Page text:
Importance: Ensuring access to prenatal care services in the US is challenging, and implementation of telehealth options was limited before the COVID-19 pandemic, especially in vulnerable populations, given the regulatory requirements for video visit technology. Objective: To explore the association of audio-only virtual prenatal care with perinatal outcomes. Design, Setting, and Participants: This cohort study compared perinatal outcomes of women who delivered between May 1 and October 31, 2019 (n = 6559), and received in-person prenatal visits only with those who delivered between May 1 and October 31, 2020 (n = 6048), when audio-only virtual visits were integrated into prenatal care during the COVID-19 pandemic, as feasible based on pregnancy complications. Parkland Health and Hospital System in Dallas, Texas, provides care to the vulnerable obstetric population of the county via a high-volume prenatal clinic system and public maternity hospital. All deliveries of infants weighing more than 500 g, whether live or stillborn, were included. Exposures: Prenatal care incorporating audio-only prenatal care visits. Main Outcomes and Measures: The primary outcome was a composite of placental abruption, stillbirth, neonatal intensive care unit admission in a full-term (≥37 weeks) infant, and umbilical cord blood pH less than 7.0. Visit data, maternal characteristics, and other perinatal outcomes were also examined. Results: The mean (SD) age of the 6559 women who delivered in 2019 was 27.8 (6.4) years, and the age of the 6048 women who delivered in 2020 was 27.7 (6.5) years (P = .38). Of women delivering in 2020, 1090 (18.0%) were non-Hispanic Black compared with 1067 (16.3%) in 2019 (P = .04). In the 2020 cohort, 4067 women (67.2%) attended at least 1 and 1216 women (20.1%) attended at least 3 audio-only virtual prenatal visits. Women who delivered in 2020 attended a greater mean (SD) number of prenatal visits compared with women who delivered in 2019 (9.8 [3.4] vs 9.4 [3.8] visits; P < .001). In the 2020 cohort, 173 women (2.9%) experienced the composite outcome, which was not significantly different than the 195 women (3.0%) in 2019 (P = .71). In addition, the rate of the composite outcome did not differ substantially when examined according to the number of audio-only virtual visits attended. Conclusions and Relevance: Implementation of audio-only virtual prenatal visits was not associated with changes in perinatal outcomes and increased prenatal visit attendance in a vulnerable population during the COVID-19 pandemic when used in a risk-appropriate model.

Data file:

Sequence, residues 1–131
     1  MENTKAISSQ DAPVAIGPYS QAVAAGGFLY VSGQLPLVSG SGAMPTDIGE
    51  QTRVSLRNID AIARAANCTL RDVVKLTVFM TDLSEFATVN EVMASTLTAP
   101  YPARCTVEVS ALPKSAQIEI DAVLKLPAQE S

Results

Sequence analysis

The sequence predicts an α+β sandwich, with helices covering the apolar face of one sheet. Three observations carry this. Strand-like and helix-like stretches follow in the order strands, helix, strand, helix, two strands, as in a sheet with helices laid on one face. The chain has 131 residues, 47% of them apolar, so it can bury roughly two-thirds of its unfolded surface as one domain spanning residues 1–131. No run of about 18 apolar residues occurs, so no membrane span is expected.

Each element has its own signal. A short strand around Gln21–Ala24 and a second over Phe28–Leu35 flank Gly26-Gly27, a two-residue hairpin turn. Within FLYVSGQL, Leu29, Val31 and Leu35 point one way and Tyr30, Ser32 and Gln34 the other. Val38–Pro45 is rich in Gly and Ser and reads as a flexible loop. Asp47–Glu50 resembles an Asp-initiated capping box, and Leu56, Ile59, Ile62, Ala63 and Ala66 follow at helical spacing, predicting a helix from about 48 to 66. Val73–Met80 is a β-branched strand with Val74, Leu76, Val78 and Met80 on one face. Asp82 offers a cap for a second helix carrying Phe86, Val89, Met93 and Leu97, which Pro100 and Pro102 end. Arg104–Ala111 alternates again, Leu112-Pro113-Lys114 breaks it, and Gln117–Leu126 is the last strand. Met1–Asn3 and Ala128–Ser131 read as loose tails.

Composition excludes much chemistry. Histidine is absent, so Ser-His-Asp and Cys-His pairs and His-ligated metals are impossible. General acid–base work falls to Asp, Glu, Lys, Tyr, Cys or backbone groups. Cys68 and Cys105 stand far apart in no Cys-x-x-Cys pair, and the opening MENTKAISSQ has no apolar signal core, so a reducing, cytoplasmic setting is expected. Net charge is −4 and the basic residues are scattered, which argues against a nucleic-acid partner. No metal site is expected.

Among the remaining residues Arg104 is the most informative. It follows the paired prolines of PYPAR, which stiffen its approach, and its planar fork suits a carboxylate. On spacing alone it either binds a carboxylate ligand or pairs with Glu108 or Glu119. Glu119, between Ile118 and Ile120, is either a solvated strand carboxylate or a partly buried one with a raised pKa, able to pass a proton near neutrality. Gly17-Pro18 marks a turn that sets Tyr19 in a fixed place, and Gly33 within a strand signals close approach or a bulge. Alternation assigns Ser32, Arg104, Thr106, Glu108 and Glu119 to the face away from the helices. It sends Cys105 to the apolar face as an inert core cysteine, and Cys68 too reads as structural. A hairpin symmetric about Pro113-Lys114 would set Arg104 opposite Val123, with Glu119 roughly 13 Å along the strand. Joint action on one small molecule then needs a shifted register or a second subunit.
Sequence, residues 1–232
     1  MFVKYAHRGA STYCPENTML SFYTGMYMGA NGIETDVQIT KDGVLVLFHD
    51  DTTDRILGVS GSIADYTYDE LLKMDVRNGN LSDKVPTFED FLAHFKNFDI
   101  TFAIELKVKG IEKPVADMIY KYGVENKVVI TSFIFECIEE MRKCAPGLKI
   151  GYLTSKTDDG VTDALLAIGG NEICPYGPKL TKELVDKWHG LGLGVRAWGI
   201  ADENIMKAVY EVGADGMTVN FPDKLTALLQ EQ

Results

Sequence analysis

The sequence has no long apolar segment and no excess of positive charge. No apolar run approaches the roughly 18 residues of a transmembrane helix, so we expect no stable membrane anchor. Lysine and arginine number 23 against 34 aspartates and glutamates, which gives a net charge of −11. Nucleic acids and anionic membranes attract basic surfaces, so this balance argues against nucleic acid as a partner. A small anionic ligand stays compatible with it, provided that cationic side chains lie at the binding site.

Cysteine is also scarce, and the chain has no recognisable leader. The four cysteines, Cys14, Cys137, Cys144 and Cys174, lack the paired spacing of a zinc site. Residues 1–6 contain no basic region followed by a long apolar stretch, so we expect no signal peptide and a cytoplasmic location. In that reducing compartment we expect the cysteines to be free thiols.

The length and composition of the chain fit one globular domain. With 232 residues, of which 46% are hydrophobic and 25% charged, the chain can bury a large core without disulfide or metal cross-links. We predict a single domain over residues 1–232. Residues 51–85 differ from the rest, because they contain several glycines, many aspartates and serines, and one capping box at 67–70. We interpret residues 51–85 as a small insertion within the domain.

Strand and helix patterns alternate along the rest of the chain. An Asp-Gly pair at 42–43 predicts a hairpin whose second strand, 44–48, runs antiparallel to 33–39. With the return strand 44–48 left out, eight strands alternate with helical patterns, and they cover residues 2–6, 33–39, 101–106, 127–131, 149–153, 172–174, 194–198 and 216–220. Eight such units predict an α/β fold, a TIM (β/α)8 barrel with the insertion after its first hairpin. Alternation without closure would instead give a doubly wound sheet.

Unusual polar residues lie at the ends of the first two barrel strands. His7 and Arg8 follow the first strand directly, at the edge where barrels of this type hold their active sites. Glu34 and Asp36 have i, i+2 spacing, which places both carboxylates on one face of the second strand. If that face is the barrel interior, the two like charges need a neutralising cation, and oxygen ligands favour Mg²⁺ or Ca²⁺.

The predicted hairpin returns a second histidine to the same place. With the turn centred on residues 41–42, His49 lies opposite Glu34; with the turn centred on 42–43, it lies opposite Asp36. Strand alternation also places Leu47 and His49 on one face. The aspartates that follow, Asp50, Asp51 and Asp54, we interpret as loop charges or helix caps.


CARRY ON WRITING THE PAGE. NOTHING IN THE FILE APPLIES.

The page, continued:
Subject(s)
Ambulatory Care/statistics & numerical data , COVID-19 , Delivery, Obstetric/statistics & numerical data , Prenatal Care/statistics & numerical data , Telemedicine/statistics & numerical data , Adult , Female , Humans , Pregnancy , Pregnancy Complications/epidemiology , Pregnancy Outcome , Prenatal Care/methods , SARS-CoV-2 , Texas/epidemiology
16.
Trop Med Int Health ; 26(6): 656-663, 2021 06.
Article in English | MEDLINE | ID: covidwho-1105378

ABSTRACT